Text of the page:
After the 1989 Velvet Revolution, Junák was one of the first organisations to re-emerge from working underground, by then, for the fourth time in its history. By the close of 1989, the number of Scouts in Czechoslovakia was 80,000. On 1 February 1990, the Federation of Czech and Slovak Scouting was officially registered, paving the way for its re-admittance to the World Organization during the World Scout Conference in Paris in July 1990, re-recognised by the major world Scouting organisations (see below). Upon Czechoslovakia's dissolution on December 31, 1992, Cesky Junák (as it was then called) and Slovenský Skauting were required to apply for membership of the World Organization as the national member organizations of the Czech Republic and Republic of Slovakia, respectively. On June 30, 1996, Junák-Svaz Skautů a Skautek was welcomed as the 141st member of the World Organization of the Scout Movement. In 1998, Junák became one of the founding members of the Czech Council of Children and Youth, a national youth council that aims to protect the rights and interests of Czech young people. Membership in 1998 was 57,979 Scouts and Guides in the Czech Republic. During the summer of 1998, 1,361 camps were held and 32,177 Scouts and Guides participated in these camps. In 2001, Junák hosted the European Guide and Scout Conference, in Prague.

Organisation and Structure

Czech Scouts within Junák are members of the World Organization of the Scout Movement (WOSM), the Guides are members of the World Association of Girl Guides and Girl Scouts (WAGGGS), and the Adult Scouts and Guides of the International Scout and Guide Fellowship (ISGF).

The "Adult Scout and Guide Guild", also known as "Czech Scout and Guide Fellowship", chanced their name in 2007 from "The Old Scout Guild" into "The Adult Scout and Guide Guild".[2]

The association has a total membership of some 70,000 (approximately 60% male) operating in a country with a population of around 10.3 million people. Junák is a "Scout and Guide National Organization" in accordance with the Statement on Relationships between WAGGGS and WOSM.

The organisational body of Junák is divided into 14 regions and 80 districts, overseen by the National Assembly (14 elected, 17 appointed by regions and independent bodies), led by the Chief Scout and Chief Guide, who, in turn, appoint the Chairman and various administrative officers within Junák.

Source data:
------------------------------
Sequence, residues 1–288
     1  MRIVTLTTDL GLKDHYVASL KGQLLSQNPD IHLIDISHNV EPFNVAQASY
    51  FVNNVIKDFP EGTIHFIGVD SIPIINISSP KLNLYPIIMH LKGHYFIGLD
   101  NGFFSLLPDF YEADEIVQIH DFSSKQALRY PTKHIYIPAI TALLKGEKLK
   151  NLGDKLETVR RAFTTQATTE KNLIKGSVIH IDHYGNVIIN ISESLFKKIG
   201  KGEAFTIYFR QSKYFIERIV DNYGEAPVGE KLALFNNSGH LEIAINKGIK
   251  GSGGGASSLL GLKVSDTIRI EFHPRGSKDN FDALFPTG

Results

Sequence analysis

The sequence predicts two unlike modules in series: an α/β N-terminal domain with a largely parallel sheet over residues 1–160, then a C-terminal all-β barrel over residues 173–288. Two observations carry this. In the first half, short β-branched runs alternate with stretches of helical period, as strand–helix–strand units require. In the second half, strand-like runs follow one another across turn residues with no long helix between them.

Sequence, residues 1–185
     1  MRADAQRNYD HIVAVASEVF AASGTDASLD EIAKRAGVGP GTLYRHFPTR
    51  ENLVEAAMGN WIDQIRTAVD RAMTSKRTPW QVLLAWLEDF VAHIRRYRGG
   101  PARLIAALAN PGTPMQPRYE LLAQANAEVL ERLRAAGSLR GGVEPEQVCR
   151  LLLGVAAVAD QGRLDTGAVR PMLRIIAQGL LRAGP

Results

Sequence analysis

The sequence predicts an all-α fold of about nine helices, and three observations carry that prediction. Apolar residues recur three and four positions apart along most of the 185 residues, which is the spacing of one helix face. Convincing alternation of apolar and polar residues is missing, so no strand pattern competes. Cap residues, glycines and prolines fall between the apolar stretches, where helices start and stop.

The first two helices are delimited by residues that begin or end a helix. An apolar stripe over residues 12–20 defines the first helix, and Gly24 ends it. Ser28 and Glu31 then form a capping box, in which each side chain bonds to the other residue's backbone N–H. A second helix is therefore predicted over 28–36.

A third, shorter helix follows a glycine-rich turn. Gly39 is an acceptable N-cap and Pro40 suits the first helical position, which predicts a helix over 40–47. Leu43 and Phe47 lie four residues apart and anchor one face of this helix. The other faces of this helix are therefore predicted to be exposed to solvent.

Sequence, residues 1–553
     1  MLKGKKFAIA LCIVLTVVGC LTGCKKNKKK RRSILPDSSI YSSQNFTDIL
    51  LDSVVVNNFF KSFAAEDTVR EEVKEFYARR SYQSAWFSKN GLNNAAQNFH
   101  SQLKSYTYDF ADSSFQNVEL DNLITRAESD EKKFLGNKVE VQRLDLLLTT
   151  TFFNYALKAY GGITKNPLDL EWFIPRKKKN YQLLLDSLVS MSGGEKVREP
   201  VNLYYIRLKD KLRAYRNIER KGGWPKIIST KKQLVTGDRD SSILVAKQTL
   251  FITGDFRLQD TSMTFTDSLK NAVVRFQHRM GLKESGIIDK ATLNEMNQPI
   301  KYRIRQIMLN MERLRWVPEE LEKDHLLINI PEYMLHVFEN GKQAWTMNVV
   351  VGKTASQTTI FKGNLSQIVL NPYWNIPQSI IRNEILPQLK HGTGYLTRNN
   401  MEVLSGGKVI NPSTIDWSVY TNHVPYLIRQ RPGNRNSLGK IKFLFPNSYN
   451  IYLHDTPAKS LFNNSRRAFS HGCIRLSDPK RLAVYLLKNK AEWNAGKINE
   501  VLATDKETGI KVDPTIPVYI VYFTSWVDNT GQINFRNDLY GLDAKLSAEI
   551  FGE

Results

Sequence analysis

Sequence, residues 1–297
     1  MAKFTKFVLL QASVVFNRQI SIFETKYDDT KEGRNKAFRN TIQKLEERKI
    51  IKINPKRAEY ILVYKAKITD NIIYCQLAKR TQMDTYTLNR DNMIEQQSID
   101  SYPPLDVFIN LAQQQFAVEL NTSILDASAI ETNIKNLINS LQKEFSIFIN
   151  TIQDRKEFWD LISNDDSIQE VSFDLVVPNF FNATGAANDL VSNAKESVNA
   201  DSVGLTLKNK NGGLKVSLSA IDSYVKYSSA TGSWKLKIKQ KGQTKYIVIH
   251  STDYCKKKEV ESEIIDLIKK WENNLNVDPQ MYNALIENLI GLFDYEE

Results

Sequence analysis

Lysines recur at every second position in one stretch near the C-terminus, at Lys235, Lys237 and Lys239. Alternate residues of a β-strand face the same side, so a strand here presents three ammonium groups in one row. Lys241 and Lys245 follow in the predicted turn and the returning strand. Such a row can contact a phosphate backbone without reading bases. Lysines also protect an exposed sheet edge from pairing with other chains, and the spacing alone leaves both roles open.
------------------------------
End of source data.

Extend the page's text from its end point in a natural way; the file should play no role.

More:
Communications between the districts and regions, and to Junák headquarters, is quite efficient; monthly information packages are sent to all groups, much of it by e-mail.


The Scouts and Guides in Junák organise many events on the national and local level. The most well-known of these is Svojsik's Race, which takes place every two years. Junák Scouts hosted Intercamp in 1994, and the Water Scouts hold a national water-themed jamboree, Navigamus. Junák Scouts also organise monetary drives and information campaigns, in support of cancer research and blood drives. Every Christmas, Czech Scouts distribute the Bethlehem Light around the country.

Junák publishes four magazines, for its various divisions, as well as various other materials, numbering roughly 15-20 different publications a year. The organisation also maintains Scout/Guide centres around the country, run by their respective districts and other groups. Some of these are open to the public, for a nominal fee, as self-service accommodation.


Three Feathers of Eagle badge
  • Vlcata and Svetlusky/Cubs and Fireflies-ages 6 to 10
  • Skauti and Skautky/Scouts and Guides-ages 11 to 15
  • Roveri/Rovers and Rangers-ages 15 to 26

As Native American symbology and mythology has been popular in Central Europe since the 1880s, the highest award in Czech Scouting is the Three Feathers of Eagle.

Scout and Guide ideals and symbology

The Scout Motto (Skautské heslo) is Buď připraven, translating as Be Prepared in Czech. The Czech noun for a single Scout is Skaut.

The famous painter Mikoláš Aleš created the Czech Scout emblem-the symbol is the Scout lily, with the head of a Chodovian dog (a legendary symbol of faithfulness and freedom, the historical symbol of Czech frontiersmen), placed on the trefoil. The musician Karel Kovařovic composed the Czech Scout anthem.

Scout Promise (Skautský slib)

Slibuji na svou čest, jak dovedu nejlépe:

  • sloužit nejvyšší Pravdě a Lásce věrně v každé době,
  • plnit povinnosti vlastní a zachovávat zákony skautské,
  • duší i tělem být připraven pomáhat vlasti a bližním.

Složení slibu mohou věřící skauti zakončit prosbou: K tomu mi dopomáhej Bůh.

I promise on my honour that I will do my best:

  • To serve the Highest Truth and Love, faithfully at all times
  • To fulfill all my own duties and to observe Scout Laws
  • To be prepared to help my nation and those close to me with all my soul and body

Optionally a Scout may add: May God help me so.

Scout Law (Skautský zákon)

  • Skaut je pravdomluvný. (A Scout speaks the truth.)
  • Skaut je věrný a oddaný. (A Scout can be trusted and is loyal.)
  • Skaut je prospěšný a pomáhá jiným. (A Scout is useful and helps others.)
  • Skaut je přítelem všech lidí dobré vůle a bratrem každého skauta. (A Scout is a friend to all people of good will and a brother to all Scouts.)
  • Skaut je zdvořilý. (A Scout is courteous.)
  • Skaut je ochráncem přírody a cenných výtvorů lidských. (A Scout protects nature and valuable creations of mankind.)
  • Skaut je poslušný rodičů, představených a vůdců. (A Scout obeys his/her parents, superiors and Scout leaders.)
  • Skaut je veselé mysli. (A Scout is of cheerful mind.)
  • Skaut je hospodárný. (A Scout is thrifty.)
  • Skaut je čistý v myšlenkách, slovech i skutcích. (A Scout is pure in thought, word and deeds.)

See also


External links